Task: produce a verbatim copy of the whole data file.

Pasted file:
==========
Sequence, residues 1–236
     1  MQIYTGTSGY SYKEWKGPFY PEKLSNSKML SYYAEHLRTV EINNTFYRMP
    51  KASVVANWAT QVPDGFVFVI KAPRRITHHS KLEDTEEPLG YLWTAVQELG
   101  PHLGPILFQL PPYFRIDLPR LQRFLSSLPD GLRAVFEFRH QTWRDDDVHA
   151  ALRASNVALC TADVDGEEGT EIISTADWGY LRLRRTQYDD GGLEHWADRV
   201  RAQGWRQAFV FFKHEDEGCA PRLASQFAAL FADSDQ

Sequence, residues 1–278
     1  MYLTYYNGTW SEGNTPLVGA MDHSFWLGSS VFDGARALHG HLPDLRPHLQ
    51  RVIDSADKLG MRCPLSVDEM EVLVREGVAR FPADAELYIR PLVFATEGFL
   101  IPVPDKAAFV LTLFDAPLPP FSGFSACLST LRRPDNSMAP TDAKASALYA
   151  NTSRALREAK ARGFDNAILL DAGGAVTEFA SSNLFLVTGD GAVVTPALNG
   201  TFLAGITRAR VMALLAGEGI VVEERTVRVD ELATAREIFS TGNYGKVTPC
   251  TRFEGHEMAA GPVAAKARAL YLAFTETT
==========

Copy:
Sequence, residues 1–236
     1  MQIYTGTSGY SYKEWKGPFY PEKLSNSKML SYYAEHLRTV EINNTFYRMP
    51  KASVVANWAT QVPDGFVFVI KAPRRITHHS KLEDTEEPLG YLWTAVQELG
   101  PHLGPILFQL PPYFRIDLPR LQRFLSSLPD GLRAVFEFRH QTWRDDDVHA
   151  ALRASNVALC TADVDGEEGT EIISTADWGY LRLRRTQYDD GGLEHWADRV
   201  RAQGWRQAFV FFKHEDEGCA PRLASQFAAL FADSDQ

Sequence, residues 1–278
     1  MYLTYYNGTW SEGNTPLVGA MDHSFWLGSS VFDGARALHG HLPDLRPHLQ
    51  RVIDSADKLG MRCPLSVDEM EVLVREGVAR FPADAELYIR PLVFATEGFL
   101  IPVPDKAAFV LTLFDAPLPP FSGFSACLST LRRPDNSMAP TDAKASALYA
   151  NTSRALREAK ARGFDNAILL DAGGAVTEFA SSNLFLVTGD GAVVTPALNG
   201  TFLAGITRAR VMALLAGEGI VVEERTVRVD ELATAREIFS TGNYGKVTPC
   251  TRFEGHEMAA GPVAAKARAL YLAFTETT